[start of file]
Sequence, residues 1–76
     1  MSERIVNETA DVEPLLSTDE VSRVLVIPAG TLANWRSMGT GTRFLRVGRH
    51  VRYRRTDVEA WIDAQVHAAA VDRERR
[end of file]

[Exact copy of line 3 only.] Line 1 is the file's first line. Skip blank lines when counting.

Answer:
    51  VRYRRTDVEA WIDAQVHAAA VDRERR